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Wednesday, July 20, 2016

 

The Chinese and The Japanese

The Chinese and The Japanese
Ruth Benedic's (1946) classic "Chrysanthemum and the Sword" has been popular in China (translated as 菊与刀) selling 70,000 copies in 2005 alone, since it would provide an explanation how the Japanese managed to kill so many Chinese and yet exhibit a level of remorse that the Chinese feel to be very inappropriate. Ruth Benedict's answer is that the Japanese lack a conscience, caring only what other's think about them. A great deal of Japanese believe this theory, which itself originates in a disgruntled Japanese called Robert Hashimoto (Lummis).

More contemporary Japanese detractors of Benedict's theory do not rarely argue that the Japanese do in fact have conscience, under the conventional meaning of that term, but rather that "conscience" in the sense of internal, self-directed, self-reproval simply does not exist. The main reason for this is that they are aware that they judge themselves visio-aesthetically, and this is not something that one can do from inside ones own head. The Japanese forget that the mind is not inside the head -- it is easy to do, I have -- but rather the other way around.

The Japanese are therefore in large part blissfully ignorant of the origin of their own morality, which is, the same as that of the Chinese. Both believe that in addition to the censure of other people, heaven is also judging.

In Japanese parlance the kind old sun is watching (otentou sama ga mite iru. お天道さまがみている。See e.g. Akagawa, 2015) and they'd feel her displeasure should they do anything bad.

This does not explain why the Japanese were able to kill so many Chinese, nor why they do not feel more remorse. In order to understand that one would have to read other books, mainly of a more historical nature.

I hope that the Chinese realise that in fact the Japanese do have a conscience before The Chinese and The Japanese come to blows again.

The images above left are the result of an image search for "”菊与刀” 销量" meaning "sales of 'Chrysanthemum and the Sword'" in Chinese, and the cover of a non-academic book entitled "The Kind Old Sun is Watching" (Akagawa, 2015)

Akagawa, J. 赤川浄友. (2015). お天道さまは見ている. 国書刊行会.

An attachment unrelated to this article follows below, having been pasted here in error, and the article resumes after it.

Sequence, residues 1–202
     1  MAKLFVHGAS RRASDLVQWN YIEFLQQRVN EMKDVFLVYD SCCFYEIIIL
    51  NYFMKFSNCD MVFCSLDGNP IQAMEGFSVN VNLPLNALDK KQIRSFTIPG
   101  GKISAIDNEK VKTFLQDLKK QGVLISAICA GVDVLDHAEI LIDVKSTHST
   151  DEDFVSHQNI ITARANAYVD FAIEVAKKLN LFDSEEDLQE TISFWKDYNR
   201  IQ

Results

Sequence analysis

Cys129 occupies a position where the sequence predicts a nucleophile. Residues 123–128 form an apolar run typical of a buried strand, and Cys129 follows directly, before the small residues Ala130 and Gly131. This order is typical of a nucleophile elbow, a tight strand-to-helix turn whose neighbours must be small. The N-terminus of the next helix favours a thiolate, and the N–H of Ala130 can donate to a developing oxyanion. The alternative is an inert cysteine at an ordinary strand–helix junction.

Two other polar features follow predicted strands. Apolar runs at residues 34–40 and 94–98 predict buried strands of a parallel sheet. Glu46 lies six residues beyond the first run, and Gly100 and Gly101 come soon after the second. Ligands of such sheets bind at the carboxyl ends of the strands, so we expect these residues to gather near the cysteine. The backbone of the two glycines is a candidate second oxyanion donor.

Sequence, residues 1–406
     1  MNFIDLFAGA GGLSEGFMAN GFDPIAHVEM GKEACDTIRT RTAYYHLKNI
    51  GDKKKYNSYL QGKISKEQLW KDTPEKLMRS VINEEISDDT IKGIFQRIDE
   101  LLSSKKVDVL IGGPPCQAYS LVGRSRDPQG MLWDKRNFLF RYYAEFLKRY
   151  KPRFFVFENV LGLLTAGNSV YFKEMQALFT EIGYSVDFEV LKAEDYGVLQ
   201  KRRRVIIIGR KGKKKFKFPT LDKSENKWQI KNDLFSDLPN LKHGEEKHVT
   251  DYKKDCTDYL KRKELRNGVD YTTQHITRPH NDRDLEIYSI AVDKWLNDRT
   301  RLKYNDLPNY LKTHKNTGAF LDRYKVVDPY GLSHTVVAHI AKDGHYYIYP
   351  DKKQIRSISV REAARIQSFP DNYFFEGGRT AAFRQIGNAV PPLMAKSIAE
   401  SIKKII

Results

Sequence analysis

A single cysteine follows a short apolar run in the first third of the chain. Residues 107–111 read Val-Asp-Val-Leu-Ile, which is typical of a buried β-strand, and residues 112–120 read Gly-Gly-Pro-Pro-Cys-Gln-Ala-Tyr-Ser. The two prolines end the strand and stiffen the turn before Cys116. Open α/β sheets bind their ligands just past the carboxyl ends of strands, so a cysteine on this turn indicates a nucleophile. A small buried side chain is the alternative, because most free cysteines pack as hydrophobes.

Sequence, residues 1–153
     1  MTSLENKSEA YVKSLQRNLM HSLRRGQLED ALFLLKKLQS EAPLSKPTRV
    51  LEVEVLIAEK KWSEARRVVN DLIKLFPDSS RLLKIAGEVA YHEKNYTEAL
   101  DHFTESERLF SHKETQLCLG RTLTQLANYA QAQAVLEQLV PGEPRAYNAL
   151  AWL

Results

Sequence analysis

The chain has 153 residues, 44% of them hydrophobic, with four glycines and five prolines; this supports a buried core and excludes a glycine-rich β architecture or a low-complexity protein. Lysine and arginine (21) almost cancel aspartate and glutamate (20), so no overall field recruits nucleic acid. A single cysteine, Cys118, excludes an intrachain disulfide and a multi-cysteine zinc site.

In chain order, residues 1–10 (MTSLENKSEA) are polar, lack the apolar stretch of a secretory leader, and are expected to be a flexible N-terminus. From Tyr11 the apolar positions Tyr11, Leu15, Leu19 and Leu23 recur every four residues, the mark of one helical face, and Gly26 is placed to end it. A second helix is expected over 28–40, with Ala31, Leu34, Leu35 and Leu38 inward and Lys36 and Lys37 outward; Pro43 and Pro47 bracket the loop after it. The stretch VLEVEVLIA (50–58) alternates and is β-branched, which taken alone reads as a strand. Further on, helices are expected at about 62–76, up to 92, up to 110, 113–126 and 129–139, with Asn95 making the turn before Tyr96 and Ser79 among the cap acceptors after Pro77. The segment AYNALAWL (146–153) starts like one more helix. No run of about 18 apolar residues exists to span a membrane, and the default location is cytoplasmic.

Benedict, R. (1946). The chrysanthemum and the sword; patterns of Japanese culture.

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"I am, Because you are"

"I am, because you are"
The sign reads "I am, because you are" or "You are, so I am," which is the philosophy of interdependence (Markus & Kitayama, 1981), or ubuntu, in a nutshell.

Note however that this Japanese interdependence is in the world of speech. The second line reads, "Lets hail each other, and thereby, together do our best." This the above is a slogan encouraging greetings such as "good morning" and "g'day" which the Japanese favour even more than Crocodile Dundee. In the world of language, the Japanese subject, their "I" is "you for you" (Mori, 1999, p.163 complete quote again below).

The interdependence of the Japanese visual self is a little more nuanced. The visual self-encourages and requires an awareness of the social nature of self, and interdependence due to the scopic necessity of focusing upon a surface. This ostensible 'externality' convinces even the Japanese that they are out and out collectivists.

But in the Japanese case, they also believe that the 'the kind old sun is always watching' (See e.g. Akagawa, 2015). Their belief gives them a good measure of independence, and Morality with a capital M. Even if 'everyone else is doing it', the Japanese avoid doing things that look bad because the kind old sun can see them, and they'd feel her displeasure should they do ugly things.

Akagawa, J. 赤川浄友. (2015). お天道さまは見ている. 国書刊行会.
Mori, A. 森有正. (1999). 森有正エッセー集成〈5〉. 筑摩書房.
扨(さ)て私は、「日本人」において「経験」は複数を、更に端的に二人の人間(あるいはその関係)を定義する、と言った。それは一体何を意味しているのであろうか。二人の人間を定義するということは、我々(日本人)の経験と呼ぶものが、自分一個の経験にまで分析されていない、ということである。換言すれば、凡ての経験において、それをもつ主体がどうしても「自己」というものを定義しない、ということである。肉体的に見る限り、一人一人の人間は離れている。常識的にはそこに一人の主題、すなわち自己というものを考えようとする思惑を感ずるが、事態はそのように簡単ではない。それは我々において、「汝」との関係がどれほど深刻であるかを考えてみればある程度納得が行くであろう。もちろん「汝」ということは、日本人のみならず、凡ゆる人間にとって問題となる。要はその問題のなり方である。本質的な点だけに限っていうと、「日本人」においては、「汝」に対立するのは「我」ではないということ、対立するものもまた相手にとっての「汝」なのだ、ということである。私はけして言葉の綾をもてあそんでいるのではない。それは本質的なことなのである。「我と汝」ということが自明のことのように、ある場合には凡ての前提となる合言葉のおうに言われるが、それはこの場合当て嵌まらない。親子の場合をとってみると、親を「汝」として取ると、子が「我」であるのは自明のことのように主和得る。しかしそれはそうではない。子は自分の中に存在の根拠をもつ「我」でなく、当面「汝」である親の「汝」として自分を経験しているのである。Mori, 1999. p.163

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This blog represents the opinions of the author, Timothy Takemoto, and not the opinions of his employer.